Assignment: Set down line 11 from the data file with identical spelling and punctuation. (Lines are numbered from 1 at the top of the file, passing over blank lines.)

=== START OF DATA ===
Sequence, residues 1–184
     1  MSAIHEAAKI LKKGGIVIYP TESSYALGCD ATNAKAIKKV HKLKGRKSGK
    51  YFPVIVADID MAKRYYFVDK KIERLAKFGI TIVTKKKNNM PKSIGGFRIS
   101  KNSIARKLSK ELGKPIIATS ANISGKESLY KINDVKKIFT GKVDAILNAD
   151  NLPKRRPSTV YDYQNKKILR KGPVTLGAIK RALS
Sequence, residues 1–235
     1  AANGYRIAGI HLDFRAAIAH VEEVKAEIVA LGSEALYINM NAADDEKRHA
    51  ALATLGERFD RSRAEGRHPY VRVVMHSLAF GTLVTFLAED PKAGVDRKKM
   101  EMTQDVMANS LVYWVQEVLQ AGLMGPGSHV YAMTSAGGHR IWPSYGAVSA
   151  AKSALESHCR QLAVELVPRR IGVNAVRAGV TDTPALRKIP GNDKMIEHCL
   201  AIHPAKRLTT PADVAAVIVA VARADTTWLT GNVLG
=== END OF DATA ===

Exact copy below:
   201  AIHPAKRLTT PADVAAVIVA VARADTTWLT GNVLG